Hubble telescope, prepare to be dwarfed. A new plan outlined by the United States’ leading astronomers reveals an exciting proposal to build the largest telescope in the history of the world. Five times bigger than Hubble and about 100 times more powerful, the High Definition Space Telescope would give scientists the ability to unlock the mysteries of planets “anywhere in the observable universe” (which itself is growing larger by the day).
So detailed would the magnification be, researchers say, that the telescope would be able to “resolve objects only 300 light-years in diameter, [like] the nucleus of a small galaxy or a gas cloud on the way to collapsing into a star and planets.” This isn’t your grandmother’s version of stargazing, kids.
The plan for the telescope is detailed in a report entitled “From Cosmic Birth to Living Earths,” a report commissioned by Association of Universities for Research in Astronomy (AURA). Ultimately, the goal of such a telescope would be to determine whether or not we really are unaccompanied by other life-bearing planets, or if there are other lifeforms just awaiting discovery.
The report notes that “… some of humanity’s most compelling questions remain unanswered. Are we alone in the Universe? Are other Earth-like worlds common? Do any have signs of life? How did life emerge from a lifeless cosmic beginning? Curious humans have asked these questions for millennia, but for the first time we can foresee actually answering them. With the right technology, and the right telescope, we could soon search nearby exoplanets for signs of life, and tell the cosmic story of how this life came to be.”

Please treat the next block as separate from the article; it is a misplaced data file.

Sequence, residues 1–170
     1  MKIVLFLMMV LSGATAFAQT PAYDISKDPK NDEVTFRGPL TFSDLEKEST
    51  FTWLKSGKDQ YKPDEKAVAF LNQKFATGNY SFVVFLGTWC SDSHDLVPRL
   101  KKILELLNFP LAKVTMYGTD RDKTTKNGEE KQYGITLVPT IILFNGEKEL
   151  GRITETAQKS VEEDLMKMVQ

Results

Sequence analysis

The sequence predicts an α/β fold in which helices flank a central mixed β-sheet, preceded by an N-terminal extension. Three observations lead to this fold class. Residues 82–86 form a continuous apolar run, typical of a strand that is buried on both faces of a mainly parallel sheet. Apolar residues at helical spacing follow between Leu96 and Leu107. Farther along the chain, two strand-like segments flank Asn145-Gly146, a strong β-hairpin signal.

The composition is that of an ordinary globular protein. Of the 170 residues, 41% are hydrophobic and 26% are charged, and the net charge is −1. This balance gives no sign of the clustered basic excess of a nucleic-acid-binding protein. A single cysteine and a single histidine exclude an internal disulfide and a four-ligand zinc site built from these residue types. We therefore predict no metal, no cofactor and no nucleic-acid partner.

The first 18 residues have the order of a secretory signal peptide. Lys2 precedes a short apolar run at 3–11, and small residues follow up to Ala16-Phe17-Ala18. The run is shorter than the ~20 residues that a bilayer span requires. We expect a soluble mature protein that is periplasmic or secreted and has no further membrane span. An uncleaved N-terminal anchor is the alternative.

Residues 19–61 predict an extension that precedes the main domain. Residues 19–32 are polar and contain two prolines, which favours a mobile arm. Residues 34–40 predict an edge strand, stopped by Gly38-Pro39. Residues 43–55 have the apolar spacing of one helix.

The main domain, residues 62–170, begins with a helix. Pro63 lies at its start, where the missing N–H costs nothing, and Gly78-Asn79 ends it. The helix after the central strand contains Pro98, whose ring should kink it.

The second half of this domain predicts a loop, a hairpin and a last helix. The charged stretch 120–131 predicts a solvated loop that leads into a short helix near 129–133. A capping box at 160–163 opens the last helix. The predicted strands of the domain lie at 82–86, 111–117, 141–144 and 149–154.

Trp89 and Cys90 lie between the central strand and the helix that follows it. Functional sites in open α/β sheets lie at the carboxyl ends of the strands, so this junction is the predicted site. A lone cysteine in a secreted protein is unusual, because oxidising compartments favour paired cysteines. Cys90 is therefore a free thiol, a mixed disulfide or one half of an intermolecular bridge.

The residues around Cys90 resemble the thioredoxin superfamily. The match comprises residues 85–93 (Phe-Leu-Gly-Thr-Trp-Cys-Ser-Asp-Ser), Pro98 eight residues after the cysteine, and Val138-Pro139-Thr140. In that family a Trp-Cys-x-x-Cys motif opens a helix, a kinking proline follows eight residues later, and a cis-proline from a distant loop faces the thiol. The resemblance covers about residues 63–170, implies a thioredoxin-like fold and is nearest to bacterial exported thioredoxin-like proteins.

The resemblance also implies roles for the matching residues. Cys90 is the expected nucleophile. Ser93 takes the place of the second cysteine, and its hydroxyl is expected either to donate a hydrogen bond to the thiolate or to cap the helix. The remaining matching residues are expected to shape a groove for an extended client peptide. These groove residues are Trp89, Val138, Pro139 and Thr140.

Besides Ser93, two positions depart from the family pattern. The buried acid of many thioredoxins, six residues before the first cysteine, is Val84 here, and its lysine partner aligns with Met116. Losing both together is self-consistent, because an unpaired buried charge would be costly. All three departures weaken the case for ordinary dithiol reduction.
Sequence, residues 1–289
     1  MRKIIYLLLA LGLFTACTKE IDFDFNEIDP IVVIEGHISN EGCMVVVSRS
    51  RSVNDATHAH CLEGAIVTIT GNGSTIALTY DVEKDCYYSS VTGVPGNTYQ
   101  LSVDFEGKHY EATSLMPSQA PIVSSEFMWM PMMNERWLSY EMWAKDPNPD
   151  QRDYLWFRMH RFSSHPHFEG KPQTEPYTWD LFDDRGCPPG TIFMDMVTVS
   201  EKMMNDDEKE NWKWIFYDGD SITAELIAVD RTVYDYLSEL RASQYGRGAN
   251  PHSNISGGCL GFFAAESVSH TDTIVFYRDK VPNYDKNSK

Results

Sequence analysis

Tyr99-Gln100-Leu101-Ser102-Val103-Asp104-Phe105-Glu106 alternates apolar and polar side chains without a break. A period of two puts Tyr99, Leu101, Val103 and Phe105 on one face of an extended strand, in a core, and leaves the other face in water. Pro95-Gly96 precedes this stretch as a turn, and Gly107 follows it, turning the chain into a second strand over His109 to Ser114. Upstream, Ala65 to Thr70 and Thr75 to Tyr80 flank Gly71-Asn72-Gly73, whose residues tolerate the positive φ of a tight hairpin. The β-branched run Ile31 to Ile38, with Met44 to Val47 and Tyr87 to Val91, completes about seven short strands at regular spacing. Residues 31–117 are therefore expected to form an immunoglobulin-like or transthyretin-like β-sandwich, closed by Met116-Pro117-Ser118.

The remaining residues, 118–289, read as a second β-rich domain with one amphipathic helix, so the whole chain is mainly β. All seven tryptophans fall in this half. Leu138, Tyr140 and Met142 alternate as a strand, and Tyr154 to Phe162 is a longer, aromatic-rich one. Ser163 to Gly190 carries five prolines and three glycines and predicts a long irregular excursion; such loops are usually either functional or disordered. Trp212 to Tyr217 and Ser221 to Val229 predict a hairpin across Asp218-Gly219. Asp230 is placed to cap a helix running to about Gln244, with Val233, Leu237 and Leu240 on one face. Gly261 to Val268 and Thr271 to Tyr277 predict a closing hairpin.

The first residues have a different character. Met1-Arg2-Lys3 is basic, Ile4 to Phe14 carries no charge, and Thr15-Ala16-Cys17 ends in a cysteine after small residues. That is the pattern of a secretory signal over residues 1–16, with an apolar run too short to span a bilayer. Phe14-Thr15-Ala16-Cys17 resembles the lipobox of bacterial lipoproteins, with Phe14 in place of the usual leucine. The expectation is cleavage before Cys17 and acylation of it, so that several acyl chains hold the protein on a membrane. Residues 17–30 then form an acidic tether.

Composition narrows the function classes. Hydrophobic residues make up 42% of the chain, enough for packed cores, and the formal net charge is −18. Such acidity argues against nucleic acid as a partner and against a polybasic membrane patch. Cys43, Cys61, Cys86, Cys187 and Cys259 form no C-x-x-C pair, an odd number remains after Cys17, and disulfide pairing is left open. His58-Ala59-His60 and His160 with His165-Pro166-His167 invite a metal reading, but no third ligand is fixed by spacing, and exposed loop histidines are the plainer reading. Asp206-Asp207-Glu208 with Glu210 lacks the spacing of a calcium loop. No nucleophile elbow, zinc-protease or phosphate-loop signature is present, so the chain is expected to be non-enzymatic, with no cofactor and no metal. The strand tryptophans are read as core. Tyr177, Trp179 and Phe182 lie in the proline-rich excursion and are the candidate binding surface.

Of course, the big roadblock in this project comes down to a matter of money. AURA’s last big project, the James Webb Space Telescope, set for a 2018 launch date, was initially slated to cost $1.6 billion when it was first proposed in 1995. But now, estimates place the total cost of this Hubble successor at $9 billion, which needless to say, has put a significant dent in the available budget for future projects.
That being said, AURA and NASA aren’t in any big rush to push through the High Definition Space Telescope. In fact, even if everything goes according to plan, there are no intentions to move on anything until the 2030’s. But because of the vast amount of resources in terms of time, money, and manpower needed to get any project of this magnitude off the ground, scientists figured that starting early would be in everyone’s best interests.
So get ready, space enthusiasts. In just a couple decades, we could be seeing a whole lot more of the great unknown.
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